2000s – Nuclear situations and national sanctions
After 9/11, the U.S. and Iran actually want to work together again against a common enemy: The Taliban. But then George W. Bush makes a speech saying that Iran is part of the “axis of evil” with Iraq and North Korea.
The U.S. then accuses Tehran of having secret nuclear weapons but they deny this accusation. When Obama takes office in 2009, he says he would be willing to work with Iran but they would have to prove their not trying to make a nuclear bomb. Then there’s a stall in conflict until 2012.
2012/2013 and on – Sanctions and a Phone Call
Obama santioncs banks unless they significantly reduce their imort of Iraniana oil whcih causes oil prices to drip and the Iranian economy to take a downfall.
Then Obama speaks to the newly elected Iranian President, Hassan Rouhani about improving relations. Six powers (U.S., Britain, China, France, Germany, Russia) come to an agreement shortly after that where Iran agrees to curb its nuclear work in exchange for lesser sanctions. It’s called the Joint Comprehensive Plan of Action or the JCPOA.
The sanctions are officially lifted in 2016.
2017 and on – Trump in Office
Trump walks away from the Iran Nuclear Deal in 2018 and reimposes sanctions because he believes the deal really never did anything.
Starting in 2019, the U.S. names the Islamic Revolutionary Guard Corps a “terrorist organization.” In response, Iran says it will increase its enriched uranium production, moving past its commitments in the nuclear accord.
From here, stuff just starts happening. Oil tankers get attacked in the Gulf that belong to the U.S. and they blame Iran. Iran denies involvement.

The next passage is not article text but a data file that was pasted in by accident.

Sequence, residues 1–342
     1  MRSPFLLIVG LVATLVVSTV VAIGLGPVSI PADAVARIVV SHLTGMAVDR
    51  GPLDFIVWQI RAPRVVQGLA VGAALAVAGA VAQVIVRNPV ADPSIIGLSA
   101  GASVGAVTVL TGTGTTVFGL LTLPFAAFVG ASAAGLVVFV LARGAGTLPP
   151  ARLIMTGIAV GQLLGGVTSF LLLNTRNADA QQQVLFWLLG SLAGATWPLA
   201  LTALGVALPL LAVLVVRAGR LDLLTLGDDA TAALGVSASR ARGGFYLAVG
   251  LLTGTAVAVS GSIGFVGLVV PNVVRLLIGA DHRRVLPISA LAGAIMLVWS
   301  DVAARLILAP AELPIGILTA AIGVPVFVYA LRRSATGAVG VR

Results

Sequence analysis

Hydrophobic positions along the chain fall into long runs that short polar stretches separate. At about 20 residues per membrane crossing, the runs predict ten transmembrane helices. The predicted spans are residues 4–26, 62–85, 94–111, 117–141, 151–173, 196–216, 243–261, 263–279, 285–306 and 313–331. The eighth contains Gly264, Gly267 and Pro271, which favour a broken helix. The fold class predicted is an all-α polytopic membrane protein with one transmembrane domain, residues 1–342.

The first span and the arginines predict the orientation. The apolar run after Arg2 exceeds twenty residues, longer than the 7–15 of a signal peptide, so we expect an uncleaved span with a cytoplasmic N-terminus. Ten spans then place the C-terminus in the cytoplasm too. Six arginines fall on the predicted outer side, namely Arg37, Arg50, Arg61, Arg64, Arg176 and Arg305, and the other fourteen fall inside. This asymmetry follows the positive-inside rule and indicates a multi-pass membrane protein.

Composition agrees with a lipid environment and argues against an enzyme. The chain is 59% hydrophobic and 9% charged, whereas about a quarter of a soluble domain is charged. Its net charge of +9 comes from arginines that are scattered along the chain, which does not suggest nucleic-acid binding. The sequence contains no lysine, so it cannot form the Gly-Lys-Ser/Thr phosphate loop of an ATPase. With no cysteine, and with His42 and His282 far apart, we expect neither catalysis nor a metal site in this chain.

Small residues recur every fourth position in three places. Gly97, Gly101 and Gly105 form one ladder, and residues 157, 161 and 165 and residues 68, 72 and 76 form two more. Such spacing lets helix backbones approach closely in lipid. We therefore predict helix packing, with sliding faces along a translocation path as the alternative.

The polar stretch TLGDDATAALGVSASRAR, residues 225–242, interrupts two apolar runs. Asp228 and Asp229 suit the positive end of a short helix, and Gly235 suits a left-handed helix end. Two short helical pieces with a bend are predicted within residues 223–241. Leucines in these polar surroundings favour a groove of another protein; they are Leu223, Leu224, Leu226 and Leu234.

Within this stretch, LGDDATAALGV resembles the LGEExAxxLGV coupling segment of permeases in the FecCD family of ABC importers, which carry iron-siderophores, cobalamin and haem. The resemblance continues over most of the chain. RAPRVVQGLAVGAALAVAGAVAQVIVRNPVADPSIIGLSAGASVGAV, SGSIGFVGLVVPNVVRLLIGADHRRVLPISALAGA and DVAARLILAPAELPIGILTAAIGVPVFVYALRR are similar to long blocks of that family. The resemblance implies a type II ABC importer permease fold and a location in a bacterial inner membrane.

Iran shoots down a drone that it says was in Iranian airspace sent by the U.S. and then seized a British oil tanker. Then Saudia Arabia’s state-run oil company is attacked and they also blame Iran, which they also deny involvement.
A lot of stuff happened in December which is kind of the point where everything escalated. The two events I’m going to put down here are the killing of an American contractor in Iraq and the attack on the U.S. Embassy in Iraq.
Killing of the American Contractor: An American defense contractor is killed, while other U.S. Service members and Iraqi Security Forces are wounded, after a rocket attack on an Iraqi military base in Kirkuk by an Iran-backed militia. The U.S. retaliates by firing on the militia’s bases.
Attack on U.S. Embassy: Around 6,000 Iraqi protesters gathered at the U.S. Embassy in Baghdad. They were angry about the U.S. airstrikes (the ones sent as retaliation for the American contractor’s death) that killed 25 militia fighters from an Iran-backed Shiite militia in Iraq. Several were able to get into the reception area just outside of the compound and set fires in various areas. Many shouted “Death to America.”
On Friday, January 3rd, President Trump ordered an overnight airstrike that hit a Baghdad airport, killing Iran’s top general, Qasem Soleimani. Soleimani was the second most powerful person in Iran behind their Supreme Leader, Ayatollah Ali Khamenei.
Trump issued the airstrike without the Congress’s approval, which became a whole thing. A tweet from a Senator is just one example. Some say he didn’t need it, others say that he should have gotten it as an act of courtesy.
Since then, Iran has pulled out of the 2015 nuclear accord and has vowed “severe revenge” for Soleimani’s death. The United States is not well liked around the world at the moment, with billboards being put up that have a cartoon Statue of Liberty billowing smoke that say Death to America. Trump is not well liked in his own country right now based on various polls and data.
On top of that, despite the U.S. saying the situation is being handled, Iranian Americans who are U.S. citizens are being held for extra questioning at various travel borders. Some could say it was an extra precaution but when those who were pulled aside saw everyone else who was also pulled aside, it painted an obvious picture that border patrol was specifically questioning those of Iranian descent. Some people were held up for an extra 12 hours with children who didn’t understand what was going on.
And that’s all I’ve got this far. More things are developing as I write this so maybe I’ll do a part 2 if things become dire but until then, happy reading.
Stay aware. Drink Water. Stay Weird.